The BIOMASAR algorithm: An approach for retrieval of forest growing stock volume using stacks of multi-temporal SAR data

Santoro M, Beer C, Cartus O, Schmullius C, Shvidenko A, McCallum I, Wegmueller U, & Wiesmann A (2010). The BIOMASAR algorithm: An approach for retrieval of forest growing stock volume using stacks of multi-temporal SAR data. In: Proceedings of ESA Living Planet Symposium, 28 June-2 July 2010.

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Retrieval of forest growing stock volume (GSV) is a major topic of investigation in the remote sensing community due to the necessity of accurate and updated information on forest resources, which is not achievable using traditional survey methods at the regional and global level. Radar remote sensing has the advantage of being able to acquire images over any part of the Earth with a high repetition frequency. While an image can be formed regardless of the cloud cover and the solar illumination, the environmental conditions can play a significant role on the measurements collected by the sensor. This aspect is of particular relevance in case of forest-related studies and for high frequencies. C-band SAR backscatter is generally deemed as useless when aiming at forest resources assessment due to the weak sensitivity with respect to biophysical properties. Furthermore, the strong sensitivity to the dielectric properties of the scattering objects make C-band SAR backscatter an unreliable tool for monitoring forests. With increasing number of studies on extraction of forest biophysical properties from SAR data, the research community tends toward a clear focus on the use of low frequency SAR.

In this paper we demonstrate that accurate estimates of forest GSV can be obtained also from C-band backscatter data under the requirement that large stack of observations are available. The estimation of the GSV is carried out by means of the BIOMASAR algorithm, which combines conventional SAR processing techniques in the case of multi-temporal data stacks (calibration, co-registration, multi-temporal speckle filter), the inversion of Water-Cloud-like model relating the GSV to the forest backscatter, and a multi-temporal combination of GSV estimates from each image. While the single parts forming the BIOMASAR algorithm approach are well known (Askne et al, IEEE TGRS, 1995; Kurvonen et al, IEEE TGRS, 1999), the implementation in an automated approach to retrieve GSV is a novel aspect. Model training, which is traditionally based on in situ measurements of forest GSV and corresponding forest backscatter measurements, is carried out by consideration of the backscattering for unvegetated and dense forest areas. These are identified by means of the MODIS Vegetation Continuous Fields product. For each pixel the corresponding measures of central tendency in a finite-size window are computed. The multi-temporal combination exploits the different sensitivities of the forest backscatter to GSV, which can be derived from the estimates of the a priori unknown model parameters.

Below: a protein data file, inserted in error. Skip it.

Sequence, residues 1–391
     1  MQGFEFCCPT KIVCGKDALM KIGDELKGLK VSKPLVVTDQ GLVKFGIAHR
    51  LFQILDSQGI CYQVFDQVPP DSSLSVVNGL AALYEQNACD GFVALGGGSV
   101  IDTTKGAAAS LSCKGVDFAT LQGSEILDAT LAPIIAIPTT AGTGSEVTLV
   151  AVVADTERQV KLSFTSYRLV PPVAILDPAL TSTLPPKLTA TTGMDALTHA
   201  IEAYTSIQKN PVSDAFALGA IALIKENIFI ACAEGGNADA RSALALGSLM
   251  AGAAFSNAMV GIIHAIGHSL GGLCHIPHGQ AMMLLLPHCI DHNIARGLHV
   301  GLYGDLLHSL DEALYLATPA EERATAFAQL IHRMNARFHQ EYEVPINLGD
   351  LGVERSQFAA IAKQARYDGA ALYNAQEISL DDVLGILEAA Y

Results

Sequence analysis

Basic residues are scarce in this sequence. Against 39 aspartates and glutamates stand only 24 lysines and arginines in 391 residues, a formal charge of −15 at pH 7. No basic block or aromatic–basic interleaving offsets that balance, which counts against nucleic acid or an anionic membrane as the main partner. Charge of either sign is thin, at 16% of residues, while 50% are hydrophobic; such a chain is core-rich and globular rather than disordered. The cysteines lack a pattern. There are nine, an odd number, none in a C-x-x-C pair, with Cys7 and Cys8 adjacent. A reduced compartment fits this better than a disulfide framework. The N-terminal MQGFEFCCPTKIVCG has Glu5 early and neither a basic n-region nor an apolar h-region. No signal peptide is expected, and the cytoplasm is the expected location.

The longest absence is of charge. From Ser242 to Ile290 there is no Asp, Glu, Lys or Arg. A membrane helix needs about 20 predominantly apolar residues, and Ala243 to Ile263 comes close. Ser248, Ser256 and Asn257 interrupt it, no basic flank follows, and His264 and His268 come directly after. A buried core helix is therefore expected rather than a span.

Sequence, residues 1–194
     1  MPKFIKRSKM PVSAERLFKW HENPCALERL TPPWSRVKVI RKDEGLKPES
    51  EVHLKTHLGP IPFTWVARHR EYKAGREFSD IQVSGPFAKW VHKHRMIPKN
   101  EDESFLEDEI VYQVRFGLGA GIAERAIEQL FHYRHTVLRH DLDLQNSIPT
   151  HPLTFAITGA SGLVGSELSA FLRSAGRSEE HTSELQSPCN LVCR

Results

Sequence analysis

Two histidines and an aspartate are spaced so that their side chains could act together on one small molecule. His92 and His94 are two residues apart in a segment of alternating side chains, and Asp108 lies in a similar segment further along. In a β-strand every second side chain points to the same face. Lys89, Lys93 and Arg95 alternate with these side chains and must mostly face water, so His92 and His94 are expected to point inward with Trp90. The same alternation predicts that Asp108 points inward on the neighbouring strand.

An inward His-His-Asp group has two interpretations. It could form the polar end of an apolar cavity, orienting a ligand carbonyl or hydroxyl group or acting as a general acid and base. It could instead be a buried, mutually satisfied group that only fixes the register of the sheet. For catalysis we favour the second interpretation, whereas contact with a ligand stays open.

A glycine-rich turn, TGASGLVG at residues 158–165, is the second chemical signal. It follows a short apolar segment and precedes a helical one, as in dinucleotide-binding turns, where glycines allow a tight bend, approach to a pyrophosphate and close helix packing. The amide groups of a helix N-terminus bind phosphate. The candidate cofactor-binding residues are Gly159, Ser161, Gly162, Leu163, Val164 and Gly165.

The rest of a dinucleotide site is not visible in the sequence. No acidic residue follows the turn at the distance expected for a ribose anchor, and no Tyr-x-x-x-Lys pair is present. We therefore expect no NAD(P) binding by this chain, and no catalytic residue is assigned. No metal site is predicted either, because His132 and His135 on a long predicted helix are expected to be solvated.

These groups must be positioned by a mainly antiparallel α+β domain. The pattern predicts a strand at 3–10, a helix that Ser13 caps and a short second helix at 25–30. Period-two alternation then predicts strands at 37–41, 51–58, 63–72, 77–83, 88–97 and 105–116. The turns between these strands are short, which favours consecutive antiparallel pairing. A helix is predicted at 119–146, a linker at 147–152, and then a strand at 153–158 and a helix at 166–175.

The BIOMASAR algorithm was first presented in (Santoro et al, Proc ENVISAT Symposium, 2007) and has now been validated in the case of ENVISAT ASAR ScanSAR data using in situ information from five test sites within the boreal zone. The validation activities were carried out within an ESA Support to Science Element (STSE) Project. The algorithm performs well for all validation sites. The retrieval RMSE is generally below 40% for full resolution data and below 20% for aggregated versions at reduced spatial resolution. The most prominent result is that the retrieved GSV was never affected by saturation, with estimates of GSV in line with in situ data up to 300 m3/ha. This unexpected result opens up the possibility of exploiting the extensive archives of ENVISAT ASAR ScanSAR data for pan-boreal forest GSV retrieval at a spatial resolution required by ecological and carbon accounting models.

Item Type: Conference or Workshop Item (UNSPECIFIED)
Research Programs: Forestry (FOR)
Bibliographic Reference: In:; Proceedings of ESA Living Planet Symposium; 28 June-2 July 2010, CD-ROM, Oslo, Norway (July 2010)
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Depositing User: IIASA Import
Date Deposited: 15 Jan 2016 08:44
Last Modified: 20 Jan 2016 16:46

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